Faith Is, Faith Is Not

Faith Is

Why not disagree with Dr. Richard Dawkins on my first post? Well, there is the fear that his intelligence and charisma rolls are higher than mine, but I try not to back down in the face of fear. I’ve long purposed to create this blog, and it just so happens that I am able at a time when Dawkins interviews on one of my favorite shows, The Daily Show with Jon Stewart. It’ll have to do.

“I don’t think faith is positive, because faith means ‘belief without evidence’, and you shouldn’t believe anything without evidence.”

Follow this link and you can hear Dawkins’ statement in its full context at 2:21. It gets a healthy round of applause because people recognize an element of truth in it. What resonates most with me–and I imagine I’m not in a minority on this–is the understanding that a statement is not true purely because someone states it.

There are few sentiments that have sparked greater fervor in me than this. Questions need to be asked, with each answer spawning new curiosity until you reach a point where you feel examination has been exhausted, only to find it rekindled by an outside perspective on the same journey. And I suppose that is why I take issue with this quote. It attempts to contain a concept so robust as “faith” in a small, windowless, room where further inspection is discouraged.

Faith often means something quite different to each of us. In my own hunt, I’ve found that real faith is often hyper-practical, yet at the same time it has an element that pushes us to keep searching–an element that stokes an appetite for wonder in each of us. As Stewart seems to bring out in his questioning, believing before finding supporting evidence is the very attribute of humanity that makes science not only possible, but successful. I would carry that a step further. I propose that if we traced each of mankind’s greatest achievements, we would find that they owe their lives to faith sans evidence.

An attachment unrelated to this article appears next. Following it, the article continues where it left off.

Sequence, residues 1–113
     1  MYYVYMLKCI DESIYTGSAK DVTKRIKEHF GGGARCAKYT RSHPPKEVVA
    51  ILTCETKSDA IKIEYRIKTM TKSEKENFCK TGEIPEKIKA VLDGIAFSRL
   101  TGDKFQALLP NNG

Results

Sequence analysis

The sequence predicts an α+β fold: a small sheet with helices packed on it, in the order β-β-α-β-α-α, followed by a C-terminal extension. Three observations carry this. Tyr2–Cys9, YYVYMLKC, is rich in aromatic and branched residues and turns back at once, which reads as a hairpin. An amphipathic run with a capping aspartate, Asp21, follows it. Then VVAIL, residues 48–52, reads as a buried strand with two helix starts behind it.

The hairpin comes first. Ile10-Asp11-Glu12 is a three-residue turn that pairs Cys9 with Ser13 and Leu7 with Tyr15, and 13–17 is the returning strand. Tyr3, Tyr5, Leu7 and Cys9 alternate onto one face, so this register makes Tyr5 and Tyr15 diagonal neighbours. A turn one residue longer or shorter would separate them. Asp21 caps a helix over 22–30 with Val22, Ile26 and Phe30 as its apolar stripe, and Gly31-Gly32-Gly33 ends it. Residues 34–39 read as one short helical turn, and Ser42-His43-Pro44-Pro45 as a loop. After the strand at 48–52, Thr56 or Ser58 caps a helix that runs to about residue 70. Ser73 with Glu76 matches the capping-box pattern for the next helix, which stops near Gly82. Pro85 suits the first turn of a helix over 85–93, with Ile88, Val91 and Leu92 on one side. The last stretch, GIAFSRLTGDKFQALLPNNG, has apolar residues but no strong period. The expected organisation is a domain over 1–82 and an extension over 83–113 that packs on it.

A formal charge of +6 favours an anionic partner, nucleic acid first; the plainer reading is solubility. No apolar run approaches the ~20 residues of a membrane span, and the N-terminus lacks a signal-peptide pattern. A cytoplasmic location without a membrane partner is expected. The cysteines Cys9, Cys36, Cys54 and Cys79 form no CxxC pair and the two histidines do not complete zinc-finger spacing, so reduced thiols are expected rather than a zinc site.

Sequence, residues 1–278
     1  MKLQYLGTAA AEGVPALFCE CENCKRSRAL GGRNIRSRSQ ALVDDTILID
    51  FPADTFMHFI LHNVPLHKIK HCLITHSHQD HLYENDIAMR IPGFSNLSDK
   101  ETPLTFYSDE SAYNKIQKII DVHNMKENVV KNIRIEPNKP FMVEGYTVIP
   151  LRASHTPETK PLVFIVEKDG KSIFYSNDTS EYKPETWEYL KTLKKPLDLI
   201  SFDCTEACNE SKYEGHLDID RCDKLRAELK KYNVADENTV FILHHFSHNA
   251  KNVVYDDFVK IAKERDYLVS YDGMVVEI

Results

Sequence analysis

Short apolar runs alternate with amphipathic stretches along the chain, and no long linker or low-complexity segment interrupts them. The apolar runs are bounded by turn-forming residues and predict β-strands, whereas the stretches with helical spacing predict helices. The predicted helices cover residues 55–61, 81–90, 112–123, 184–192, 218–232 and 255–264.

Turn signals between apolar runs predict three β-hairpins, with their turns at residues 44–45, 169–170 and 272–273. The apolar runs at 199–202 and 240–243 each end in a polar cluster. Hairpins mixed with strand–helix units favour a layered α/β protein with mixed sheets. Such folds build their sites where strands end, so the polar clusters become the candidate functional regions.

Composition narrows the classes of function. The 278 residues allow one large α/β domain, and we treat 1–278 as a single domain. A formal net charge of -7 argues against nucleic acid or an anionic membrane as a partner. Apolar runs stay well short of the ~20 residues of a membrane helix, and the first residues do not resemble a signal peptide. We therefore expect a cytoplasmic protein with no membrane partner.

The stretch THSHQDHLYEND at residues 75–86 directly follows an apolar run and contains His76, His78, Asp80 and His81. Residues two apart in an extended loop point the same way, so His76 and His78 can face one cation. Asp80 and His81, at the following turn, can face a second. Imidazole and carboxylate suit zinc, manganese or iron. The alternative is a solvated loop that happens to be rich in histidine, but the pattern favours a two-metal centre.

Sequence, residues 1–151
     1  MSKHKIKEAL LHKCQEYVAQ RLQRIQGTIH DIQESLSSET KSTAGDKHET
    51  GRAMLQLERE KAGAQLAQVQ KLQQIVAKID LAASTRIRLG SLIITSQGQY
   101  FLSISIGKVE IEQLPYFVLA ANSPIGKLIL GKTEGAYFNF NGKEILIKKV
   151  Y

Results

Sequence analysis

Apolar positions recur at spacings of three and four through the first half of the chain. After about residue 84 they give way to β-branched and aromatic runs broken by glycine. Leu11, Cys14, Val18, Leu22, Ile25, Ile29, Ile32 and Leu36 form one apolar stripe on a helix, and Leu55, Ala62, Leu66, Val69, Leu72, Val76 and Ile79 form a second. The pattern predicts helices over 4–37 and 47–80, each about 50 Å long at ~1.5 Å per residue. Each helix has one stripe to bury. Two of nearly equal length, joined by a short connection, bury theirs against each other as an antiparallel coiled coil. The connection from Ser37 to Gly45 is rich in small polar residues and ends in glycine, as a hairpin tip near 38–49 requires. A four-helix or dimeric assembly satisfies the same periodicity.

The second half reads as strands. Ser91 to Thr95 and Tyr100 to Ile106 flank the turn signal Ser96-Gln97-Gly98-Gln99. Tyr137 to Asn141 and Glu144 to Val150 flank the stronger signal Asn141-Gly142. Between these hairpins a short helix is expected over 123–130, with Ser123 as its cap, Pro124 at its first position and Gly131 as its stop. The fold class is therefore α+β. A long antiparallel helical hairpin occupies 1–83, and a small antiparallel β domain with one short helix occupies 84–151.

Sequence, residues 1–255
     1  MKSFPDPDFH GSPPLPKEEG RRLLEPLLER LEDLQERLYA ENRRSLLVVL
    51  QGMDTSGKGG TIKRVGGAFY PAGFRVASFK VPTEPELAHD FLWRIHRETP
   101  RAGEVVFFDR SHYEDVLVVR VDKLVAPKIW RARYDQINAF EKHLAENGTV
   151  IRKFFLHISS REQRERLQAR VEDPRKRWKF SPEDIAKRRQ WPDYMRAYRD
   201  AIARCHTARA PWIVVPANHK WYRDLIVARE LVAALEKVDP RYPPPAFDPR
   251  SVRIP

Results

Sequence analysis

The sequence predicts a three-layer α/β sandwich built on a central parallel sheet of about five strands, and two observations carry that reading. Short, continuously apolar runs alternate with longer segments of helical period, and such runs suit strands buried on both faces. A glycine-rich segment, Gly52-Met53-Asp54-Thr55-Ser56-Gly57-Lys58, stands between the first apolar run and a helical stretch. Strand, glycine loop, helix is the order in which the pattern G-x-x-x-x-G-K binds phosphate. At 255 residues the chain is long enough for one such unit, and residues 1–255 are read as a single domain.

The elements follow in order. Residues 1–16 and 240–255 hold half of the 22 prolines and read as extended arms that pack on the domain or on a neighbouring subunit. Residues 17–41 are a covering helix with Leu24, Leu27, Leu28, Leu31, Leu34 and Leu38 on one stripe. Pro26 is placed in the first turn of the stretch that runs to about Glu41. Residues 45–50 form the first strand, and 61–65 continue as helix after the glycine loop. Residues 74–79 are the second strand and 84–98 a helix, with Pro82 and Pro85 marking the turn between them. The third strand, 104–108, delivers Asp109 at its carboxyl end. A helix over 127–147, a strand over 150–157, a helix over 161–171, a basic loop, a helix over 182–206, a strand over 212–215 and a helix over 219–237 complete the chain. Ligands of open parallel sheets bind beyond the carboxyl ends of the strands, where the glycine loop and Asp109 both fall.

But faith in what? I don’t pretend that civilization advances solely through those who hold to my particular brand of faith (or a flavor so similar as to be blindly indistinguishable). But I do propose that faith is in constant use all around us. And while we don’t recognize it, I believe that each one of us places a certain amount of faith (albeit very often small and unknown) in something greater than us and wholly indescribable.

And I admit that an indescribable greater-than-me can, at times, resemble a paradox or illusion–especially when viewed only on the surface or at distorted angles. Yet I have found that it is the nature of that which is greater to be indescribable except in part or through limited metaphors.

And so I learn, time and again, that a lack of evidence does not discourage my faith. Rather, it is the fuel by which my faith increases and my hunt is renewed.

Faith Is Not

Contrary to a belief that runs popular in certain circles, faith is not an absence of thought. In fact, it surprises many to find out just how complex the thoughts placed into faith are. It ultimately comes down to a trust placed in some intelligent being. Sometimes this being is supernatural, and other times it’s human. Either way, each one of us regularly places faith in one or many such beings on a daily basis whether we realize it or not.

Take for example, the distance from Earth to the Sun. I don’t know it off the top of my head, but I do recall learning it at some point in the past. Of course, I know that my knowledge of this information has never involved personal experimentation. No, I’ve read it in books, heard it cited as premise for larger arguments, etc. And at some point along the way I found that someone in the past did the calculation personally, and they had an idea of what they were doing. So I trust, and I do so without any significant consequence.

So, if I need to use it as an example, I run a quick Google search. I have faith that Google will give me the result I need, ultimately because I trust that their programmers know what they’re doing when it comes to code and search algorithms. I also know that previous searches have yielded the results I’ve sought, and others also tell me that they have found the same to be true. So I run my search, and I trust that Google’s result of 92,960,000 miles is correct–at least correct enough to be used as an example in a post about faith. I trust that they have looked up the information to simplify my life and so I need not look further.

Out of interest, scrolling down reveals an article that gets more precise, though they cite a separate article which was likely written by an individual who has never done the calculation personally either. I can keep following this chain back in order to verify the source, but I take the gamble (however slight) that these sources are knowledgeable. So I have faith that someone along the way had the personal experience, and I carry on with my life without any significant consequence.